Kshobhya, Kṣōbhya, Kṣobhya: 7 definitions


Kshobhya means something in Buddhism, Pali, Hinduism, Sanskrit, Marathi. If you want to know the exact meaning, history, etymology or English translation of this term then check out the descriptions on this page. Add your comment or reference to a book if you want to contribute to this summary article.

The Sanskrit terms Kṣōbhya and Kṣobhya can be transliterated into English as Ksobhya or Kshobhya, using the IAST transliteration scheme (?).

In Hinduism

Purana and Itihasa (epic history)

[«previous next»] — Kshobhya in Purana glossary
Source: Shodhganga: The saurapurana - a critical study

Kṣobhya (क्षोभ्य) refers to the “passive” state of Śiva, according to the 10th century Saurapurāṇa: one of the various Upapurāṇas depicting Śaivism.—[...] Śiva is regarded as Para-Brahman, the equilibrium of the three guṇas. In this state the Puruṣa exists within Himself as it were and this is also called the state of Prakṛtapralaya. From this state of Unmanifestedness God begins to assert Himself as God and enters into Prakṛti and Puruṣa by His own inner intimate contact. This existence of God may be compared with the sex-impulse in man or woman which exists within them and manifests itself only as a creative impulse although remaining one and the same with them all the while. It is for this reason that God is regarded as both passive (kṣobhya) and dynamic (kṣobhaka). It is therefore said that God behaves as prakṛti. by self contraction and dilatation From the disturbed prakṛti and the puruṣa sprang up the seed of mahat, which is of the nature of both pradhāna and puruṣa.

Purana book cover
context information

The Purana (पुराण, purāṇas) refers to Sanskrit literature preserving ancient India’s vast cultural history, including historical legends, religious ceremonies, various arts and sciences. The eighteen mahapuranas total over 400,000 shlokas (metrical couplets) and date to at least several centuries BCE.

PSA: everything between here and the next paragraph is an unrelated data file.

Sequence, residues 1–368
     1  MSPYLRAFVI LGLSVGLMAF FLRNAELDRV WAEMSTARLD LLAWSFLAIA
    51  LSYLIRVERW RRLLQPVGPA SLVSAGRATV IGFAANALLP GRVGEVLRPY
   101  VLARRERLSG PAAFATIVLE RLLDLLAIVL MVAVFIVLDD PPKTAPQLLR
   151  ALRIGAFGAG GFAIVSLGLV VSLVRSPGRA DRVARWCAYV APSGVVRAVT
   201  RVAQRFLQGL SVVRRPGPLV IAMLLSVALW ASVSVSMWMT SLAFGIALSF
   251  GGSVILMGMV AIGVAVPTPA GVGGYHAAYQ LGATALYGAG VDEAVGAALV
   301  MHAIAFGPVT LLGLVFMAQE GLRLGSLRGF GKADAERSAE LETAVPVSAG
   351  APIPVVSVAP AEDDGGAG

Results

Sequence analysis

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In Buddhism

Mahayana (major branch of Buddhism)

Source: archive.org: Hindu Mathematics (Mahayana)

Kṣobhya (क्षोभ्य) refers to a “hundred-quadrillion” (100,000,000,000,000,000) in a list of numeral denominations, according to the Lalitavistara-sūtra, a well-known Buddhist work of the first century B.C.—Accordingly, “The mathematician Arjuna asked the Bodhisattva, ‘O young man, do you know the counting which goes beyond the koṭi on the centesimal scale? Bodhisattva: I know. Arjuna: How does the counting proceed beyond the koṭi on the centesimal scale? Bodhisattva: [hundred vivaras are called kṣobhya, hundred kṣobhyas are called vivāha, ...]”.

Mahayana book cover
context information

Mahayana (महायान, mahāyāna) is a major branch of Buddhism focusing on the path of a Bodhisattva (spiritual aspirants/ enlightened beings). Extant literature is vast and primarely composed in the Sanskrit language. There are many sūtras of which some of the earliest are the various Prajñāpāramitā sūtras.

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Languages of India and abroad

Marathi-English dictionary

Source: DDSA: The Molesworth Marathi and English Dictionary

kṣōbhya (क्षोभ्य).—a S (Possible or likely) to be agitated, excited, or vehemently stirred.

context information

Marathi is an Indo-European language having over 70 million native speakers people in (predominantly) Maharashtra India. Marathi, like many other Indo-Aryan languages, evolved from early forms of Prakrit, which itself is a subset of Sanskrit, one of the most ancient languages of the world.

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Sanskrit dictionary

Source: Cologne Digital Sanskrit Dictionaries: Monier-Williams Sanskrit-English Dictionary

Kṣobhya (क्षोभ्य):—[from kṣubh] mfn. to be agitated or disturbed (ifc.), [Kathāsaritsāgara lv, 120.]

Source: DDSA: Paia-sadda-mahannavo; a comprehensive Prakrit Hindi dictionary (S)

Kṣobhya (क्षोभ्य) in the Sanskrit language is related to the Prakrit word: Chobbha.

[Sanskrit to German]

Kshobhya in German

context information

Sanskrit, also spelled संस्कृतम् (saṃskṛtam), is an ancient language of India commonly seen as the grandmother of the Indo-European language family (even English!). Closely allied with Prakrit and Pali, Sanskrit is more exhaustive in both grammar and terms and has the most extensive collection of literature in the world, greatly surpassing its sister-languages Greek and Latin.

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